• during a spring retreat, you may want to have your apprentice(s) share their testimonies.

Saturday Afternoon:

  • Leave this time open for people to go on walks, talk, play cards, etc.

  • You have to leave open “chunks” of time like this for people to get to know one another.

  • Open times also allow an opportunity to just “play”, or sit down with someone and go “deep”.

  • This will also give you leaders an opportunity to have great talks with members of your group.

  • You may want to organize a walk, football game, or something else. (Don’t be afraid to delegate it)

Saturday Dinner:

  • You can do dinners whenever you want, but an earlier dinner allows you more time in the evening, and people will

  • Be hungry earlier after a 10:30am brunch meal.

  • You’ll want to keep it simple, or at least not too complicated. You are there for the fellowship, not the food.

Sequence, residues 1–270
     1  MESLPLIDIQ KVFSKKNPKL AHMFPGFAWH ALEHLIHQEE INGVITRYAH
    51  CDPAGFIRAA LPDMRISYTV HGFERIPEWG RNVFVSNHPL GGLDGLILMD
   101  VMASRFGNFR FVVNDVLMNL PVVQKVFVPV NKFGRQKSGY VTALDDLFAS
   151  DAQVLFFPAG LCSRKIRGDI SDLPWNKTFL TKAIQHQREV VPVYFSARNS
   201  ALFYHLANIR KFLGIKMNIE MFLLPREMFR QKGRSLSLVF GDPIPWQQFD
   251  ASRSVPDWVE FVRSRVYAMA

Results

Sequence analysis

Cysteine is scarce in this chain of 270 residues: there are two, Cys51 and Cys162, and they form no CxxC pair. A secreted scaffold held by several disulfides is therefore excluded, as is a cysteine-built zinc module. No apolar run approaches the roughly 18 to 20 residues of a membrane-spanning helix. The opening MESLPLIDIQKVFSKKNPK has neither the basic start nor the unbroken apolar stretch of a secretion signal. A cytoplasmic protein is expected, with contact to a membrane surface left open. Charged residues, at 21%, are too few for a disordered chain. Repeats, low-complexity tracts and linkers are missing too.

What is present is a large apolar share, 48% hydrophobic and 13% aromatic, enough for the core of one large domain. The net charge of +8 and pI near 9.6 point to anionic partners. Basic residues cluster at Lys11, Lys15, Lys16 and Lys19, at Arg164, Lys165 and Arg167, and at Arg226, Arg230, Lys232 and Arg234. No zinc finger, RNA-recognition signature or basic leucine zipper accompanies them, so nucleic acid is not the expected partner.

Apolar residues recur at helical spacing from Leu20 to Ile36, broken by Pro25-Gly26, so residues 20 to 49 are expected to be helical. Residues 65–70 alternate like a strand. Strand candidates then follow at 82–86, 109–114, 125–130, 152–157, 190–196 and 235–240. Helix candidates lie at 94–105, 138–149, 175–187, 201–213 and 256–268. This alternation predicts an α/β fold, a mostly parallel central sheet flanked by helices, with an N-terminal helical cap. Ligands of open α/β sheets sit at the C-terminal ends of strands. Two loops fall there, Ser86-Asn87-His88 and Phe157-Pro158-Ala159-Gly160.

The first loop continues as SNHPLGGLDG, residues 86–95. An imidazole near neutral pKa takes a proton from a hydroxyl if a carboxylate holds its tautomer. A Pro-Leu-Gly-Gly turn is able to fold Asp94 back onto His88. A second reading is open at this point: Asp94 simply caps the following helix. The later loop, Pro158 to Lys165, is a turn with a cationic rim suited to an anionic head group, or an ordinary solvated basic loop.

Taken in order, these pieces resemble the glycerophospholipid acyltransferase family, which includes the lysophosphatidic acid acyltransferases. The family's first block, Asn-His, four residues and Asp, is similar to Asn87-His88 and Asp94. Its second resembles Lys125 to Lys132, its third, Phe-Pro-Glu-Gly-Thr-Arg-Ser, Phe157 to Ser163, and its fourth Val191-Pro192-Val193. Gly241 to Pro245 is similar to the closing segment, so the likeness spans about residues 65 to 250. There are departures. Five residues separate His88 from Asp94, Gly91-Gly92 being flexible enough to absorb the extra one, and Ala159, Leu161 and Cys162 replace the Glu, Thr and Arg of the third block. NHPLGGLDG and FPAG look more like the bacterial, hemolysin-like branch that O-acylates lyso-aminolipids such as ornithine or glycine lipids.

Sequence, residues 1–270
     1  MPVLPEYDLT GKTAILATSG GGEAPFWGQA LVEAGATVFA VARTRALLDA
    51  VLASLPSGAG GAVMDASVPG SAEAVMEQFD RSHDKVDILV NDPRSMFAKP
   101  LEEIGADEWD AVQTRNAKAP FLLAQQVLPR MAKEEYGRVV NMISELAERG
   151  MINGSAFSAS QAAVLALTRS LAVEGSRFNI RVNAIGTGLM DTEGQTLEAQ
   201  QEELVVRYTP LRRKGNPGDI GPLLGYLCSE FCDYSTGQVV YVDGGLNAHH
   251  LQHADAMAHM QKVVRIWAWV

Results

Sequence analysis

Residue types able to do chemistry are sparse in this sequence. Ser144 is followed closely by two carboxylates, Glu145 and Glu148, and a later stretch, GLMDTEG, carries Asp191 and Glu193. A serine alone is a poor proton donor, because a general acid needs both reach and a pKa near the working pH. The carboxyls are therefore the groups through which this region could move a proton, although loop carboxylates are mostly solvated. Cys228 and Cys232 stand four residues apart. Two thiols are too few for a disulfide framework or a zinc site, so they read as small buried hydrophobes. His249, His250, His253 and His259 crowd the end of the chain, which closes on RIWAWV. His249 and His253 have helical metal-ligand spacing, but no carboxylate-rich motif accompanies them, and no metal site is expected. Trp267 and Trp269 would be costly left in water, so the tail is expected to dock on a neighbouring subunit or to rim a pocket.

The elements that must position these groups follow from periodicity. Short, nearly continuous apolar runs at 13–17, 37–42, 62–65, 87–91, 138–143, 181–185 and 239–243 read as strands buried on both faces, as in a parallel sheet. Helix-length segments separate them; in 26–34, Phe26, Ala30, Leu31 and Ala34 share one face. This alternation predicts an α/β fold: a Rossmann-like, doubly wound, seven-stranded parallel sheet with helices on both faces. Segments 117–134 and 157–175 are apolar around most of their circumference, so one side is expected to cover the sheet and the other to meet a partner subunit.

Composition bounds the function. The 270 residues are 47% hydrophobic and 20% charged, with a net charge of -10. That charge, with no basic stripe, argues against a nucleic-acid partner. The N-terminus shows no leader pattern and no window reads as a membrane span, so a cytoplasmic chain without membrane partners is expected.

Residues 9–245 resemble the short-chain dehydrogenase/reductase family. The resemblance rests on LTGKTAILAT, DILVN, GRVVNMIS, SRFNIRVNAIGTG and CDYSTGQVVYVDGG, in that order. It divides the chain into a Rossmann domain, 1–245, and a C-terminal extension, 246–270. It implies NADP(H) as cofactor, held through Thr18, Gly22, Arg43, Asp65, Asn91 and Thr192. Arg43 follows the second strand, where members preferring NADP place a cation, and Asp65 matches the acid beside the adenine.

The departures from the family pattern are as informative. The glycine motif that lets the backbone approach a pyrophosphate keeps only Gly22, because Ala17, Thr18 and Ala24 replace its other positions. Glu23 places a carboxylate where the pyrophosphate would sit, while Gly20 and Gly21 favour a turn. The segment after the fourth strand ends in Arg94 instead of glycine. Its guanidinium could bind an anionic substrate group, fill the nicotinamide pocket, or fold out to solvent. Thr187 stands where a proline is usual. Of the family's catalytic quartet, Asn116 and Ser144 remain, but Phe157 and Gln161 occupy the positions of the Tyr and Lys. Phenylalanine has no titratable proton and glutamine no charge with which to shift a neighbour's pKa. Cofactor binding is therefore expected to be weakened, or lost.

Saturday Evening:

  • Saturday evening will usually be the “meat” of the weekend, but it may be wise for you to keep it light for a newer group. In the fall, it’s more important to be building unity and community, so you’ll have more “fun” time. A group that’s been together longer can incorporate more ‘meaty’ things like prayer and worship.

  • Testimonies are always a good bonding experience for Saturday night and a small group retreat tradition. By Saturday night, people have had a chance to relax and get prepared for something deeper.

  • You may want to have a time of communion.

  • Have a time of prayer and worship (if you can pull it off)

  • Alternatively, you may want this evening to be a “Part II” of the lesson you did after lunch.

  • Make sure you leave plenty of time (like 9pm on) to do some social stuff

A few words on sharing testimonies

  • For newer groups, it might be wise to have the co-leaders share their testimony first.

  • I suggest asking a few people ahead of time if they would be willing to share their testimony.

  • When you do, make sure you coach them on how to give a testimony…

    • No more than 30 minutes, unless it’s really interesting!!

    • Tell them to keep it focused on them, and not other people or churches.

    • Tell them how to communicate past sin, without too much detail, or glorifying it.

    • Designate someone to share what communion means to them (apprentice)